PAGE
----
Bringing political action to online spaces could help convert the image of politics from staid, inert, and out-of-touch to something that is distinctly connected to the attitudes and behaviors of young networked people. According to William Upski Wimsatt, Executive Director of the League of Young Voters, young people are more politically active than they've been in a generation. This is the group most seen on MySpace, YouTube, Facebook, and elsewhere, and they've brought their politics with them. Using MySpace for politics doesn't only involve developing profiles and campaigns, but discovering those political uses where they already exist.

2. MySpace Isn't Local (Except When It Is)

Networking in MySpace often works because it isn't dependent on local relationships; people become friends with MySpace users who could be down the street or across the country. "Friendships on MySpace aren't based across geographical lines. You are friends with people all over the country," Goodstein admits. Likewise, some organizations are too small to handle the intensive work of reaching out to local citizens. Sometimes it's easier to approach an issue with broad strokes, appealing to as many people as possible. Ivan Boothe calls it the "blunt, wide approach."

However, there is a local use for MySpace. "If you are friends with local bands, bars, etc., they might be local," Goodstein says. He likes to use the example of the local bartender with a MySpace profile. That bartender -- who is in contact with hundreds or thousands of people linked to a physical space -- could be an influential mover in MySpace, with thousands of friends who live in the same area and go to the same bar. Work with that bartender to promote a political platform, an activist campaign, or even a product, and you have access to a treasure trove of names.

Nevertheless, it's important not to forget the relative placelessness of MySpace. "Facebook is better at being local because it's based on college campuses," says Goodstein, though that might change now that Facebook is available to the general public.

Similarly for Boothe, raising awareness of a genocide in Darfur is, for most Internet users, an intensely global project. That may be why, in the case of the Genocide Intervention Project, it's also a successful one.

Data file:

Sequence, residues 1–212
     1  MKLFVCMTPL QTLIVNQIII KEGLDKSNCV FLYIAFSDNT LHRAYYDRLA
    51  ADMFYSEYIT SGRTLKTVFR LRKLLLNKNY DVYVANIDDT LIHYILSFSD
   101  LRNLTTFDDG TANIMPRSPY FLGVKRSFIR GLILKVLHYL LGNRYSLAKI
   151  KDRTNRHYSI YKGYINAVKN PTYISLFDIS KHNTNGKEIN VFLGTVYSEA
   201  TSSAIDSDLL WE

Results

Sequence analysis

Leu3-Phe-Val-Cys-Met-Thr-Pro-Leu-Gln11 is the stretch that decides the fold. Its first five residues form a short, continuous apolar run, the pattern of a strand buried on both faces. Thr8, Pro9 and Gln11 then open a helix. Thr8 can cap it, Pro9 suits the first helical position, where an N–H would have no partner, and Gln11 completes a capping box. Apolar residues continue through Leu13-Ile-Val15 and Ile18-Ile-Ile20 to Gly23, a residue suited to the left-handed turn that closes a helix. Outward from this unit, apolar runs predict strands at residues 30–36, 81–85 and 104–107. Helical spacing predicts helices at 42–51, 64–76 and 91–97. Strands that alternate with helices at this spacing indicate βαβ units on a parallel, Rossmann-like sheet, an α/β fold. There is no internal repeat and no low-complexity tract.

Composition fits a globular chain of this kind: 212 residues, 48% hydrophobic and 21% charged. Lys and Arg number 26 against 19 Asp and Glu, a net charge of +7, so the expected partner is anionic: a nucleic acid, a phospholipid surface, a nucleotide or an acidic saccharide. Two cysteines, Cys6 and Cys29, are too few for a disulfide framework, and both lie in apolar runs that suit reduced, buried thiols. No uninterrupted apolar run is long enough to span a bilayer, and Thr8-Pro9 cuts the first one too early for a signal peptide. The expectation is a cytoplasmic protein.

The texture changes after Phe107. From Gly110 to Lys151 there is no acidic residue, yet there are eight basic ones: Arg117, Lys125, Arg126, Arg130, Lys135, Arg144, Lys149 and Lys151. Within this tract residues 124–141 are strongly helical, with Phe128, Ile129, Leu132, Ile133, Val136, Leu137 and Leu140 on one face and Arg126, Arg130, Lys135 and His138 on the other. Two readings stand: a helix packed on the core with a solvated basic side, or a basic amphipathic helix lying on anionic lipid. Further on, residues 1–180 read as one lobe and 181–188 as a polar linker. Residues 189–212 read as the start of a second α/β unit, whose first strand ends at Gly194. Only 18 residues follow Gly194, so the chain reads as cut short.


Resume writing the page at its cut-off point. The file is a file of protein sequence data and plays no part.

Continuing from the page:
3. Let People Take Ownership

People are more likely to respond to a message if they feel invested in it. If done right, "people take ownership of your message and will spit it back out, read it, internalize it, and put it in their own words," says Goodstein. This is one way that social networking culture reflects open source software development and even the revised copyright solutions suggested by Lawrence Lessig and Creative Commons.

By creating a MySpace profile for an issue -- for example, the Save the Internet campaign in favor of Net Neutrality -- and letting users create the message by posting messages, uploading videos and pictures, and incorporating and developing their own social networks, you allow them to frame the issue in their own words. As Zack Exley has argued about union organizing, messages are more effective if you let people develop the stories themselves, in their own words, using their own experiences:

…a group of nursing home workers presented me with a fully laid--out, worker--written newsletter on a floppy disk — and demanded 800 copies by the next day to distribute to their coworkers. Writing "campaign lit" was the job of the organizer. So I felt immediately threatened. My next reaction was to want to edit the newsletter to make it more "on message" for the union. It was filled with short and long articles on everything from simple explanations of why they wanted a union (I wanted to bring those more in line with the official talking points) to emotional essays on why life as a care giver was so satisfying (I worried those would make people forget about the grievances that had sparked the union campaign).

The workers said, "No edits! Just print this out and we'll distribute it." The newsletter was an incredible hit. Workers were hiding in closets to read them. People came to the office for extra copies to give to family members. The newsletter turned out to be an incredibly powerful organizing tool because it showed people being a union, not just talking about one. It allowed the workers who were leading the union campaign to express a fully--formed tone and attitude of what the union was all about.